Full text: Mesures physiques et signatures en télédétection

A more direct and general use of the two-angles data will be in estimation of the surface albedo. 
Albedo estimates from satellite data are required to monitor environmental change, but currently suffer from 
limitations in the accuracy of data, when calculated on the basis of the nadir reflectances only. ATSR-2 data 
will give the opportunity to refine the weighting factors applied to spectral bands and viewing angles, and 
therefore to improve albedo estimates. 
The soil background is a major surface component controlling the spectral behaviour of vegetation 
canopies, and on which the retrieval of biophysical characteristics of the canopy is depending. Sensitivity of 
different vegetation indices to soil colour effect has been investigated. Although vegetation indices considerably 
reduce these soils effects, satisfactory estimation from the indices of the vegetation characteristics at relatively 
low cover would be possible if at least the general type of soil is known (peat or mineral soil). The Simplified 
Transformed Soil Adjusted Vegetation Index (Simplified TSAVI), presented here, enhanced by a soil map of 
the studied area, appears as the best candidate for such a purpose. This index offers a high degree of precision 
in cover estimates and is attractive because of its simple formulation, requiring minimal knowledge of soil type. 
However, even if the 26 soil samples entail a very large range of spectral values, a question still remains about 
their representativity. The 26 soils were derived from a basic set of five types, with additional variations 
induced by moisture and roughness. Therefore the results of these simulations need to be tested on real data, 
and on a larger range of organic soils in order to generalize the distinction between organic and non-organic 
(mineral) soils. 
The main peculiarity of the ATSR-2 sensor is the two-look angle geometry. Directional effects of the 
soil-insensitive vegetation index can be quite well related to the canopy architecture, as long as the LAI 
saturation is not reached. Differences between the nadir view and the 55 degrees view angle should be large 
enough to distinct a change in a canopy as due to a stress or disease. Experimental data are again needed for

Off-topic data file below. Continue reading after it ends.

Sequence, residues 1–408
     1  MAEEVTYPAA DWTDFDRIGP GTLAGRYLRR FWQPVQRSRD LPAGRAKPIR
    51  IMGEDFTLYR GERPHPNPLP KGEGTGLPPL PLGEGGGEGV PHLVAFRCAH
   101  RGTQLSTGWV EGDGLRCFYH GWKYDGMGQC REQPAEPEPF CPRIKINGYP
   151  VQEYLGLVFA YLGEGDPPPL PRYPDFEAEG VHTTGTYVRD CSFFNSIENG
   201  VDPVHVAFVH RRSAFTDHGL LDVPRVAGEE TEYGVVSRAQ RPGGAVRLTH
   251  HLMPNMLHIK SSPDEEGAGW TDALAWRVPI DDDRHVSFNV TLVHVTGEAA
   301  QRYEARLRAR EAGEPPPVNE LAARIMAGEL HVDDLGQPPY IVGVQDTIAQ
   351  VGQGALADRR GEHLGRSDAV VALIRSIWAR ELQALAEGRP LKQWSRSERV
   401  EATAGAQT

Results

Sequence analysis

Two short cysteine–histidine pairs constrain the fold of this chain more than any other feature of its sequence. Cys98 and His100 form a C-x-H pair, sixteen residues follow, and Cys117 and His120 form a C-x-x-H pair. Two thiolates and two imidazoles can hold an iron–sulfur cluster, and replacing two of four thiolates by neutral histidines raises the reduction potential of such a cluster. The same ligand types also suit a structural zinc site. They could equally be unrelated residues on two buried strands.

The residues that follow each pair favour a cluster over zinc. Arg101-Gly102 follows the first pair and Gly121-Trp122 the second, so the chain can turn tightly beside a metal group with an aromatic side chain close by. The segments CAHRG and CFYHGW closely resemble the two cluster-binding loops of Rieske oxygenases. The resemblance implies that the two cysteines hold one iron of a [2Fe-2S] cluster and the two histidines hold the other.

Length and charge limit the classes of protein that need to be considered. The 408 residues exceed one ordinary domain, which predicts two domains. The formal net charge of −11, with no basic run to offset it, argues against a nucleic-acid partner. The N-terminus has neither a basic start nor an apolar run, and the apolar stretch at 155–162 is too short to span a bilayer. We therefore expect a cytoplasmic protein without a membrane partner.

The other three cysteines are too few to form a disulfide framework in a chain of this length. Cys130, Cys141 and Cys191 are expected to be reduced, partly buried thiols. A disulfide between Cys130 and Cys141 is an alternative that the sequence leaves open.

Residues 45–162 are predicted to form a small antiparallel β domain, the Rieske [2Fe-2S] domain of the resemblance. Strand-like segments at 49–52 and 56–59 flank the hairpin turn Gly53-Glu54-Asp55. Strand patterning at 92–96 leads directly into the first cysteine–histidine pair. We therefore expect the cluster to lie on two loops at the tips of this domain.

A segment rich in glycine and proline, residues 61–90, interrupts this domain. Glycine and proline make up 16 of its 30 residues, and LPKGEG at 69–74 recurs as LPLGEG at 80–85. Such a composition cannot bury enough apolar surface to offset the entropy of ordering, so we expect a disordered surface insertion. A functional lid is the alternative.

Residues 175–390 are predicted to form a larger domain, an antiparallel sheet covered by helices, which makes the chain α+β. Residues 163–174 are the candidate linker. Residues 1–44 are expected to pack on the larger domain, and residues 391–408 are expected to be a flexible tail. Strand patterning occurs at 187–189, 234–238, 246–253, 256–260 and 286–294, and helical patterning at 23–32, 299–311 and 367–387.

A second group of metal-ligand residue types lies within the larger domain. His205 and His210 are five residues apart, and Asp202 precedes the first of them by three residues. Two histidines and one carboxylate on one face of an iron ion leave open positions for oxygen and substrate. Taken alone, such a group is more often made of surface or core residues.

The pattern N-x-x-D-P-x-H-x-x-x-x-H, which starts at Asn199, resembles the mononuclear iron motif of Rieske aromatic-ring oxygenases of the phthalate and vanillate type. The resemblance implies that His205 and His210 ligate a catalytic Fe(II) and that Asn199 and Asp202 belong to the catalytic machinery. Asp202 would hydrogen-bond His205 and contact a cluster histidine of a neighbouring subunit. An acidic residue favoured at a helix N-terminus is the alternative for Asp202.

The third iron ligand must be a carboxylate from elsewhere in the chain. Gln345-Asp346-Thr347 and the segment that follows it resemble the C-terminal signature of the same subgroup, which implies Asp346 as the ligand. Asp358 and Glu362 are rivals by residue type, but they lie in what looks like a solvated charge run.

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Reviews, 7: 65-82. 
Campbell G.S. (1986). Extinction coefficients for radiation in plant canopies calculated using an ellipsoidal 
inclination angle distribution. Agricultural and Forest Meteorology, 36: 317-321. 
devers J.G.P.W., Verhoef W. (1993). LAI estimation by means of the WDVI: a sensitivity analysis with a 
combined PROSPECT-SAIL model. Remote Sens. Environ. 7:43:64. 
Huete A.R. (1988). A Soil-Adjusted Vegetation Index (SAVI). Remote Sens. Environ., 25: 295-309. 
Jacquemoud S., Baret F., Hanocq J.F. (1992). Modelling spectral and bidirectional soil reflectance. Remote 
Sens. Environ., 41: 123-132. 
KuuskA. (1991). The hot-spot effect in plant canopy reflectance, in Photon-vegetation interactions, Application 
in optical remote sensing and plant ecology. Myneni and Ross Eds, Springer, pp 139-159. 
Rondeaux G., Herman M. (1991). Polarization of light reflected by crop canopies. Remote Sens. Environ. 
38(1): 63-75. 
Sellers P.J., Berry J.A., Collatz G.J., Field C.B., Hall F.G. (1992). Canopy Reflectance, photosynthesis and 
transpiration III. A reanalysis using improved leaf models and a new canopy integration scheme. Remote Sens. 
Environ. 42: 187-216. 
Verhoef W. (1984). Light scattering by leaf layers with application to canopy reflectance modelling: the SAIL 
model. Remote Sens. Environ., 16: 125-141.

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